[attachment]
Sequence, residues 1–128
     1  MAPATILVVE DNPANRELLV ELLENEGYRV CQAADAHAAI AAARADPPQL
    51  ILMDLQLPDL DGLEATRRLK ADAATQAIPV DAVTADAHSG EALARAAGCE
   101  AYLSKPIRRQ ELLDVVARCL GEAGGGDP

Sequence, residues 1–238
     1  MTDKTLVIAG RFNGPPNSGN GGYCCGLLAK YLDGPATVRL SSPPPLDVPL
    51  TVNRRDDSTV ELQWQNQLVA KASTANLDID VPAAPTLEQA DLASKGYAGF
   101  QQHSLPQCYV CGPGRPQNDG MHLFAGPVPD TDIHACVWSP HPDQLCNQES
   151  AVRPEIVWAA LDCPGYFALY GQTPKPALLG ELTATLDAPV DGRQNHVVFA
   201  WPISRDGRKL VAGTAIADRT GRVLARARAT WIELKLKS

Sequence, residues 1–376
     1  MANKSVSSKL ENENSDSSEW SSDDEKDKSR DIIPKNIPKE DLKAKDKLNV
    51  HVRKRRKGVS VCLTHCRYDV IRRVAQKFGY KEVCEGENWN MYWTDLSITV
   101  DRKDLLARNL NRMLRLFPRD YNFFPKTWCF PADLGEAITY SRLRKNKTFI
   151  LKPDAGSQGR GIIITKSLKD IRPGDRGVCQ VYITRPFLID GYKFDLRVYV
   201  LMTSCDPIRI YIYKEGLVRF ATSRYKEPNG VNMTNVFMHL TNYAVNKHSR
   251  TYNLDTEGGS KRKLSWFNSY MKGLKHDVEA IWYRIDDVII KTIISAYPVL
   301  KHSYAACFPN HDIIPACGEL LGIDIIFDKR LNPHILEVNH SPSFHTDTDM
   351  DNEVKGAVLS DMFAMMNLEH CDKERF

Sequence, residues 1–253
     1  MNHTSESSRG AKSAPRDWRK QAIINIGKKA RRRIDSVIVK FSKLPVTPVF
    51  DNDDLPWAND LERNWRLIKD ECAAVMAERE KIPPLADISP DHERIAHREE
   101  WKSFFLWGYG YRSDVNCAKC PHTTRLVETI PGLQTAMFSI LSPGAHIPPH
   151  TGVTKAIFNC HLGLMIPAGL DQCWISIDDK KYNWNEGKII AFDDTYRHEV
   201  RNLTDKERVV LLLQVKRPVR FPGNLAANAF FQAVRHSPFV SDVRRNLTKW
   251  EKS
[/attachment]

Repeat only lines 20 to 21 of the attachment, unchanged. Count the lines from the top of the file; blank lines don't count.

Sequence, residues 1–253
     1  MNHTSESSRG AKSAPRDWRK QAIINIGKKA RRRIDSVIVK FSKLPVTPVF